This is also why I posed the notion in item #6. I believe it was @lookforjoe that did something like this but I can't find his pics now. Basically the idea is to add plates to the flat sides of the rubber to prevent it from bulging. Depending how you do it, it may be possible to improve the lifespan of the mount without a big increase in its "stiffness" (compliance).
 

Dr.Jeff

True Classic
Regarding your point 7): you can easily calculate the amount of rotation. Say you had a worn out dogbone and your engine would move 5mm at the bone, the angle of rotation would be roughly 0.00nothing degrees. So nothing to worry about there.
I vaguely recall that was what we deduced previously also - just wasn't sure when I wrote the earlier post.
So if it does not need to rotate around the center pin, then some other improvements that were suggested before can be done as well.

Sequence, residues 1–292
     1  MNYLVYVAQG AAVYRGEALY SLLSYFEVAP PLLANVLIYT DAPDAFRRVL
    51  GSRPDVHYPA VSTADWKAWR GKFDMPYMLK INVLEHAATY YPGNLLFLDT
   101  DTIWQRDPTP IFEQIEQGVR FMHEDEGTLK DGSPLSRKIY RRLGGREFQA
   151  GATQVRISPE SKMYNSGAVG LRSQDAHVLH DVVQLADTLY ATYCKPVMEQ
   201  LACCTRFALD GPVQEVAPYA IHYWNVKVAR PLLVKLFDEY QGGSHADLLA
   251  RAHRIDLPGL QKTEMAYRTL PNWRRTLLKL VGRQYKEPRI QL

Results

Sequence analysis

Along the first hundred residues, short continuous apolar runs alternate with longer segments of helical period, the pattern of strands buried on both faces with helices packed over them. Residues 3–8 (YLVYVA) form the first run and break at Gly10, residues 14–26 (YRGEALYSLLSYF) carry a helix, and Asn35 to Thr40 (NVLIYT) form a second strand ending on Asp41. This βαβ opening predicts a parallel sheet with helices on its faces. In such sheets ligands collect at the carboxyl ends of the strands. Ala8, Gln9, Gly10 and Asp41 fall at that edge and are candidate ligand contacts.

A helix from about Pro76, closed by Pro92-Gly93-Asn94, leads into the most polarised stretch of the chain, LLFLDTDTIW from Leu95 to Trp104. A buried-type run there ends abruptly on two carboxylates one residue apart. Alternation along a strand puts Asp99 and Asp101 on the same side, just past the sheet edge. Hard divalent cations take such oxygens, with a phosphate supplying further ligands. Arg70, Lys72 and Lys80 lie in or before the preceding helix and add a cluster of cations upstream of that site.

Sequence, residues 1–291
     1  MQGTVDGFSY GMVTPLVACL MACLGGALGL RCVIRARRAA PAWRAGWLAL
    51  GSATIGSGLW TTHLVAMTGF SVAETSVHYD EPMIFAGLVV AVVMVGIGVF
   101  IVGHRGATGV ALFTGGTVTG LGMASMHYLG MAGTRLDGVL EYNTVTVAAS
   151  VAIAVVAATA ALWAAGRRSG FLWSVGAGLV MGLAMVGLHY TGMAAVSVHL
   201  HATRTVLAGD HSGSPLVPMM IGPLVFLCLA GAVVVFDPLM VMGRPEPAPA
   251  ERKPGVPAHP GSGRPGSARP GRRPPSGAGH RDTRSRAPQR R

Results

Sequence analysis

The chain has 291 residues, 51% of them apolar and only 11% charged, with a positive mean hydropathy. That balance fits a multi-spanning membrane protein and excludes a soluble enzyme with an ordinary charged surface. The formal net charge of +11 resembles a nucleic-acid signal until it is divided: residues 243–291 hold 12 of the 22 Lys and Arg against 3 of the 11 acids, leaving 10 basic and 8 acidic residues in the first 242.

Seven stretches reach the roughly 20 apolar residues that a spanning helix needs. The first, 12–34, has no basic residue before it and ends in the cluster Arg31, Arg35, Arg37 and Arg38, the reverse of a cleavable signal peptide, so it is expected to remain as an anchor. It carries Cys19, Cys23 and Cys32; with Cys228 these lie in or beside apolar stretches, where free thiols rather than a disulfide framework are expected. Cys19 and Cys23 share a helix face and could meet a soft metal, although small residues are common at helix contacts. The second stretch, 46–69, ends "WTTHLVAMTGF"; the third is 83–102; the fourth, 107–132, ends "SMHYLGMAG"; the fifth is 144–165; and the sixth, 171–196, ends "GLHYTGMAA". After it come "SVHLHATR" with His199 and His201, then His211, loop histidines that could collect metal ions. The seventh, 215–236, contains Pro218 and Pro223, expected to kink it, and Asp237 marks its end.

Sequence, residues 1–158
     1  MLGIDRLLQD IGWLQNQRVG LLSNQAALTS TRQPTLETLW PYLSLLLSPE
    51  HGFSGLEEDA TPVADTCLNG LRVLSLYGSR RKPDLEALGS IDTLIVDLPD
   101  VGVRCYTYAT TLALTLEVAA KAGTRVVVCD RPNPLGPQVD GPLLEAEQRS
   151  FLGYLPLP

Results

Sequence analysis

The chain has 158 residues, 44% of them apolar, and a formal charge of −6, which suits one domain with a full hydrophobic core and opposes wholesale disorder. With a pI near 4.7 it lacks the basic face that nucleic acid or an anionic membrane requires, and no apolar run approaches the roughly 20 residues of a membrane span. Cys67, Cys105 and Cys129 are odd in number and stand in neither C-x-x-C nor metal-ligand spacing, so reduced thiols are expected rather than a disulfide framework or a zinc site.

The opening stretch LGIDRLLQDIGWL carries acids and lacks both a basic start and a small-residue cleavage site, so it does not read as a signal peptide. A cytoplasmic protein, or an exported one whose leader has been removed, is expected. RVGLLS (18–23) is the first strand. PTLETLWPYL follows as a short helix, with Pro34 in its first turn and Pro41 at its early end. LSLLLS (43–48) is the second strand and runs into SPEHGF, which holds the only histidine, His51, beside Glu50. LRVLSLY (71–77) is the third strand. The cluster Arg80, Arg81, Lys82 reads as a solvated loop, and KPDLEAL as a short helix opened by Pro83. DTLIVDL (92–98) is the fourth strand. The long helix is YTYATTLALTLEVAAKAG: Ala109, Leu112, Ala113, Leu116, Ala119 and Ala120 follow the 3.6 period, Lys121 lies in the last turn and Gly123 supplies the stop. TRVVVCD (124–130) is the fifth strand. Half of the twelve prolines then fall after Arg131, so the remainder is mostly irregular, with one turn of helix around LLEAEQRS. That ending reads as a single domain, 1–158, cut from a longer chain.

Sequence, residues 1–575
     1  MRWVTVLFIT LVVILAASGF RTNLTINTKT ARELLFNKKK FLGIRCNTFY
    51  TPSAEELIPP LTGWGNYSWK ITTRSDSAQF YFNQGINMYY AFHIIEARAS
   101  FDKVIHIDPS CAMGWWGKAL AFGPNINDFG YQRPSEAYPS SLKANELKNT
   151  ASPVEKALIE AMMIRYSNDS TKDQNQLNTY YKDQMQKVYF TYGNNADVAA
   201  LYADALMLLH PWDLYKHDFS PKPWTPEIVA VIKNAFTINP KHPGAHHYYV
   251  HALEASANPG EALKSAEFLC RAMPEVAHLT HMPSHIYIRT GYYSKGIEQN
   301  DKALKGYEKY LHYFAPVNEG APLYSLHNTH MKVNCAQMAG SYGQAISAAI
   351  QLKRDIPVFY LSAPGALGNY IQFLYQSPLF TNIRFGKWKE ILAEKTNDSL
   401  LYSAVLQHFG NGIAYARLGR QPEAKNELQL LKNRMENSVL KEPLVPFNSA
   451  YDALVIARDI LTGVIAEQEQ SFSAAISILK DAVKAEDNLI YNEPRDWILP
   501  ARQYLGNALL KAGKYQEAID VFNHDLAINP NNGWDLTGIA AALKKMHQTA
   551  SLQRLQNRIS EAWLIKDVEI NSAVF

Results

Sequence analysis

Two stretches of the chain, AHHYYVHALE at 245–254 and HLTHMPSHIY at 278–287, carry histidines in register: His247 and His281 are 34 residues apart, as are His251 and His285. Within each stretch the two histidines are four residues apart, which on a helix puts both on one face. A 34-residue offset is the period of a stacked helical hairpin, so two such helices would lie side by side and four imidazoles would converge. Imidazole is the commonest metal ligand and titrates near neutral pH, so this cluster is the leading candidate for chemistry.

For example the surface area of the center pin can be significantly increased relative to the rubber it contacts. Rather than increasing the diameter of the pin, it was suggested to make the pin effectively 'wider' (longer?) by adding "wings" or an "umbrella" to it. In other words it does not need to be a round pin, it can be extended in either direction to make it more of a flat surface riding against a fuller expanse of the rubber.

One idea from @Mxgrds is to extend up from the end of the pin to a plate that rides on top of the rubber. This can be done to an existing mount (I think he also had another illustration that might be better to visualize it):